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A stone was thrown; and as if this were a signal for a general attack, a shower of stones was hurled at the actor. One of them hit him on the forehead ; hit him so badly that he staggered, and, releasing his hold of Billy, raised his hand to his head, while an expression of pain passed into his face. Hooting and yelling, 'Look at the mad actor!''Hoo, hoo! look at the crazy fool !'—the crowd of boys and girls scampered away, and left the man standing in the road, with only Susan and Joshua for an audience. Joshua was hot with indignation, and Susan, spell-bound by awe and fear, stood motionless by Joshua's side, while large tears trickled from her eyes into her open mouth. ,

The blood was oozing from the wound in the man's forehead, and his long fair hair was crimsonstained. His eyes wandered around distressfully, and a sighing moan died upon his lips. The fire of enthusiasm had fled from his countenance, and in the place of the inspired actor, Joshua saw a man whose face was of a deathly hue, and from whose eyes the light seemed to have departed. With his hand pressed to his forehead, he staggered a dozen yards, and then leant against the wall for support.

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He is badly hurt, I am afraid,' said Joshua. Susan walked swiftly up to the man. . Shall we assist you home?' she said.

• Home !' he muttered. “No, no! Money! I want money !

As he spoke he drooped, and would have fallen to the ground but for Joshua, who caught the man on his shoulder, and let him glide gently on to a door-step. Susan wiped the blood from his face with her apron. He looked at her vacantly, closed his eyes, and fainted.

'He is dying, Joshua ! cried Susan, her trembling fingers wandering about the man's face. 0, the wicked boys! O, the wicked boys !'

A woman here came out of a house with a cup of cold water, which she sprinkled upon his face. Presently the man sighed, and struggled to his feet, murmuring, 'Yes, yes; I must go home.'

• Where do you live?' asked Joshua. “We will assist you.'

He did not answer, but walked slowly on like one in a dream. Assisting but not guiding his steps, Joshua and Susan walked on either side of him, and supported him. Although he scarcely seemed to be awake, he knew his way, and turning down a street even commoner than

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its fellows, he stopped at the entrance to a miserable court. Waving his hand as if dismissing them, he walked a few steps down the court, and entered a house, the door of which was open. Impelled partly by curiosity, but chiefly by compassion, Joshua and Susan followed the man into a dark passage, and up & rheumatic flight of stairs, into a room where want and wretchedness made grim holiday.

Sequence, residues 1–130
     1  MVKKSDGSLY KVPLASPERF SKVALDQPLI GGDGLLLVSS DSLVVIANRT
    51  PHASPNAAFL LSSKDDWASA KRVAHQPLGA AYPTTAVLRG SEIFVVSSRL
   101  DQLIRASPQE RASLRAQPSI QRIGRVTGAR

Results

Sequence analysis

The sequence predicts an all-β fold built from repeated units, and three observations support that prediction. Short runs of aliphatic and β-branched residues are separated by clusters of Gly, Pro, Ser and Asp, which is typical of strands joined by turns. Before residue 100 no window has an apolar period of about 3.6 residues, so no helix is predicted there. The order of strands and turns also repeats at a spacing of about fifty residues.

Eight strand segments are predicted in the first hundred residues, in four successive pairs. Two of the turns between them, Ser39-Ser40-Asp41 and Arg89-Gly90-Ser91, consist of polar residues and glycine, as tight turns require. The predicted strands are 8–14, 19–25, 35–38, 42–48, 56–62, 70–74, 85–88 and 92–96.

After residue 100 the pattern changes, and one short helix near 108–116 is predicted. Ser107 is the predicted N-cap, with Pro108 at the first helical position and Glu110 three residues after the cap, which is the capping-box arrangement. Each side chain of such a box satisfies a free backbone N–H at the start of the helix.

• Minnie !' he muttered hoarsely, and all his strength seemed to desert him as he spokeMinnie, child! where are you?

He sank upon the ground with a wild shudder, and lay as if death had overtaken him. At the same moment there issued from the corner of the room where the deepest shadows gathered, a childgirl, so marvellously like him, with her fair waving hair, her large beautifully-shaped mouth, her white teeth, and her great restless gray eyes, that Joshua knew at once that they were father and daughter.

Minnie crept to the man, and sat beside him. She spoke to him, but he did not reply. And then she looked at Joshua and Susan, whose forms were dimly discernible in the gathering gloom.

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• What is the matter with father ?' she asked of them in a faint moaning voice.

Some bad boys threw a stone at him and hit him on the forehead,' Joshua answered. He will be better presently, I hope.'

Minnie did not heed what he said, but felt eagerly in her father's pockets, and, not finding what she searched for, began to cry.

No, no,' she said, beating her hands together; it is not that. He is weak and ill because he has had nothing to eat. I thought he would have brought home enough to buy some bread, but he hasn't a penny.'

Joshua remembered the man's words, Money! I want money!' and he immediately realised that the

poor creatures were in want.
Are you hungry, Minnie ?' he asked.

'I have not had any breakfast, she answered wearily. "No more has father. Nor any dinner. We had some bread last night. We ate it all up. Father went out to-day, hoping to earn a little money, and he has come home without any. We shall die, I suppose. But I should like something to eat first.'

How do you know he has had nothing to eat?' asked Joshua ; the words almost choked him.

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Minnie looked up with a plaintive smile.

'If he had had only a hard piece of bread given him,' she said in a tender voice, he would have put it into his pocket for me.'

Stop here, Susan,' said Joshua, a great sob rising in his throat. 'I will be back in ten minutes.'

He ran out of the room and out of the house. Never in his life had he run so fast as he ran now. He rushed into Dan's room, and said, almost breathlessly,

Where is the money-box, Dan? How much is there in it ?'

*Fourteenpence,' said the faithful treasurer, producing the box. What a heat you are in, Jo!

Never mind that I want every farthing of the money, Dan. Don't ask me any questions. I will tell you all by and by.'

Dan emptied the money - box upon the table, and Joshua seized the money, and tore out of the house as if for dear life. Soon he was in the actor's room again, with bread and tea. Susan had not been idle during his absence. She had bathed the man's wound, and had wiped the blood and mud from his face and hair. He had recovered from his swoon, and was looking at her gratefully.

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